Broadband is increasingly being recognized as a general purpose technology that can have wide-reaching impact on economies by transforming the way people communicate, innovate, and do business.
At the Connect Arab Summit hosted by the International Telecommunication Union in Doha, March 5-7, 2012, the World Bank announced its regional initiative to improve broadband connectivity in the Middle East and North Africa (MENA).
“Worldwide, broadband is becoming an essential infrastructure for innovation, economic growth, and competitiveness,” said Doyle Gallegos, Practice Leader, Connectivity Infrastructure, World Bank. “This World Bank initiative will help increase MENA countries’ capacity to cope with the tremendous predicted increase in broadband traffic and to compete in the 21st century’s global market.”
The World Bank’s broadband connectivity initiative will study the potential for developing regional
broadband backbone networks in MENA and will use a new approach that leverages already-deployed infrastructure from other utilities, such as electricity, transport or oil and gas. The study is expected to tackle bottlenecks to broadband connectivity in the region and will include case studies on Egypt, Jordan, Morocco, and Tunisia.
The MENA region has been actively increasing broadband connections and, as of today, broadband
connects over a quarter of MENA households. Broadband traffic in the region is predicted to grow
over 100 percent in the next five years, making MENA the fastest growing region in the world with Sub-Saharan Africa.
The broadband connectivity initiative is part of the World Bank’s Arab World Initiative and is supported by the Public Private Infrastructure Advisory Facility (PPIAF) and the Korean Government. Jointly with InfoDev, the World Bank has also produced the Broadband Strategies Handbook a tool providing hands-on knowledge of broadband market, technology, and policy action.
Citizen Participation in ICT Solutions
The Bank is also finding ways to leverage citizen participation in the creation of information and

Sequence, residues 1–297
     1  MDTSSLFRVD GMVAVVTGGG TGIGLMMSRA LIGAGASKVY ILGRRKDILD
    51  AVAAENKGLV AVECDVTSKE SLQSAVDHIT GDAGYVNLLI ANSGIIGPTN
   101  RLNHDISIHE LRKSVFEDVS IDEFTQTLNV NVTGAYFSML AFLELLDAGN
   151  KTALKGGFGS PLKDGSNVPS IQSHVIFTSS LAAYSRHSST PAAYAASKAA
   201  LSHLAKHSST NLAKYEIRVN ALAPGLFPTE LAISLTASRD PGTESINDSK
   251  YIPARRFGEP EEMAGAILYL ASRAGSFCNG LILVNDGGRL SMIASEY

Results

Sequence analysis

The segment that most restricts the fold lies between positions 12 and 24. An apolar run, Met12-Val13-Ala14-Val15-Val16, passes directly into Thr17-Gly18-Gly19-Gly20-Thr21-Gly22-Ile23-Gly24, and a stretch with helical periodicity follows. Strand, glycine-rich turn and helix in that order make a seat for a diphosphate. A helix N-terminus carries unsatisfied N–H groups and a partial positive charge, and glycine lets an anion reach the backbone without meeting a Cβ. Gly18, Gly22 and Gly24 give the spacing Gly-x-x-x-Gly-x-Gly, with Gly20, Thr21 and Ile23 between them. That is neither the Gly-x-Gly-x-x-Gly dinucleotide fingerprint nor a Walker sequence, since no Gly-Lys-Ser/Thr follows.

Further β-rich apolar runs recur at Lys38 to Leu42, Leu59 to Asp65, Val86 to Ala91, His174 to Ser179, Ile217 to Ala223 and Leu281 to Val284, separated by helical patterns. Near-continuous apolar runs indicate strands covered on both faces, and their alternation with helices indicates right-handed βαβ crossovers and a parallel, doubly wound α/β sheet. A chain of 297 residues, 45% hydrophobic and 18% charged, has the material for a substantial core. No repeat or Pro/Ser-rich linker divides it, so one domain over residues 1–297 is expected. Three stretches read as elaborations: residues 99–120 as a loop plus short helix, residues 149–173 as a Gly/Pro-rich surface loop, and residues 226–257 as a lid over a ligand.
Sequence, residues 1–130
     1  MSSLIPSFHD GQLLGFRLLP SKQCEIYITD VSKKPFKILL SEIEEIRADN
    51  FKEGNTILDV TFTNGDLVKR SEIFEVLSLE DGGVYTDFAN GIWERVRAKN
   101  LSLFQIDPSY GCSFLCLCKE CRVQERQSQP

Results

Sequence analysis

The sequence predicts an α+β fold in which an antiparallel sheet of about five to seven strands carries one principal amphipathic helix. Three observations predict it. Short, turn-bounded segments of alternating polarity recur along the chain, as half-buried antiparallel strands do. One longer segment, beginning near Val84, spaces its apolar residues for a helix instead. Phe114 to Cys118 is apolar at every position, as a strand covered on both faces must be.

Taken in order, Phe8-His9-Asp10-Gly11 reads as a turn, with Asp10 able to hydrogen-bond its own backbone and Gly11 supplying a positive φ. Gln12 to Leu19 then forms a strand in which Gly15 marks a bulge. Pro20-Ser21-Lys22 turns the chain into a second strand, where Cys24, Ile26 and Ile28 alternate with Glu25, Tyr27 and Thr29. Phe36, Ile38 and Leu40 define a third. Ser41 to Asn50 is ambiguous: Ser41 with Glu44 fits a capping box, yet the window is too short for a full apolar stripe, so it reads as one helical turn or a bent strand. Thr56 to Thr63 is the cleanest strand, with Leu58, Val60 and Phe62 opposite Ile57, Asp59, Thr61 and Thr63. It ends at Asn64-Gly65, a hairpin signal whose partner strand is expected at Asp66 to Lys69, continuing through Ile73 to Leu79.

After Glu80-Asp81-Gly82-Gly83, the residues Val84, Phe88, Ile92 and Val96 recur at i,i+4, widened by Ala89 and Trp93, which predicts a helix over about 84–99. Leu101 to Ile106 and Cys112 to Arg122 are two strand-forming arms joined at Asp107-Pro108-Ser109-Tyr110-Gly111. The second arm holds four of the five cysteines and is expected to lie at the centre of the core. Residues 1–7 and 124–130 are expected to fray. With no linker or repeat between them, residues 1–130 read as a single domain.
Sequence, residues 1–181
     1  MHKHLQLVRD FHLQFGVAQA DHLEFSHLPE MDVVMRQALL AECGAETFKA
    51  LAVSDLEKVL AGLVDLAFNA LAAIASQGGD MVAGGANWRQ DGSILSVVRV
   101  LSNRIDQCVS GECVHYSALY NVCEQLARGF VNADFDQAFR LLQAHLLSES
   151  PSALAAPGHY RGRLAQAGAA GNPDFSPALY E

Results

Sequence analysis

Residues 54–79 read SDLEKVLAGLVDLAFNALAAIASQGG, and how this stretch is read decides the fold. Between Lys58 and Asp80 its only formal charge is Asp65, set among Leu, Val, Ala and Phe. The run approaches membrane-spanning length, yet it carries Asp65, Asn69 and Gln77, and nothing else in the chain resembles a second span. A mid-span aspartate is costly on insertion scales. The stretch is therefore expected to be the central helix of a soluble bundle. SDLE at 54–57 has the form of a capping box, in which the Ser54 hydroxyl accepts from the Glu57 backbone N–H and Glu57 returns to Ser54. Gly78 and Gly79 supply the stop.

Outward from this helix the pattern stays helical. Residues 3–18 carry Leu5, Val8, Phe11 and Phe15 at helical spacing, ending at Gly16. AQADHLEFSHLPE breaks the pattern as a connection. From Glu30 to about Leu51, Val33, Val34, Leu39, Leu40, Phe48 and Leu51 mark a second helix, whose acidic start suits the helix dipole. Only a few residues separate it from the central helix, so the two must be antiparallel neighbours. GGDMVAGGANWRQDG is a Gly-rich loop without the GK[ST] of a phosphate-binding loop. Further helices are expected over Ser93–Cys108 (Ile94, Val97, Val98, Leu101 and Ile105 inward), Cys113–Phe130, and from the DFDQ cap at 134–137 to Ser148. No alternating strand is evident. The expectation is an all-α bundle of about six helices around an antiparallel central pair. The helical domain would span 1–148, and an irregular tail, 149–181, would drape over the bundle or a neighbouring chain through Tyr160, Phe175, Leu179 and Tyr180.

communication technologies (ICT) solutions to development problems, building on the success of the
Cairo hosted the first-ever WaterHackathon in October 2011 which brought together Egyptian
technologists with water specialists to brainstorm innovative ICT solutions for Egypt’s biggest water
“The Cairo WaterHackathon allowed the World Bank to ‘do things differently’ in the aftermath of the Arab Spring and engage local communities interested in shaping the future of their country,” explained Carlo Rossotto, MENA Regional Coordinator, ICT, World Bank. “Based on this success, the World Bank will increasingly use citizen participation in the creation of ICT solutions as a mainstream tool to tackle development challenges.”
The winning solutions at the Cairo WaterHackathon included:
- A mobile and web-based application for more equitable water distribution, enabling farmers to
remotely control irrigation (Salt & Rocks team)
- An application for irrigation optimization and water saving in agricultural production, using smart mobile devices to enhance collection of field data (Abu Erdaan team)
- A concept addressing water saving in industrial line production, using data visualization and
SMS and web updates on water consumption (Run Time team)
The Cairo WaterHackathon was organized by the World Bank in close collaboration with local partners such as the American University in Cairo, the Desert Development Center, and the Technology Innovation and Entrepreneurship Center.
For more information on what the Bank is doing for ICT development in MENA, please contact Carlo
Rossotto, Lead ICT Policy Specialist, TWICT.
For more information on what the Bank is doing for broadband development, please contact Doyle
Gallegos, Lead ICT Policy Specialist and Practice Leader for Connect Infrastructure, TWICT.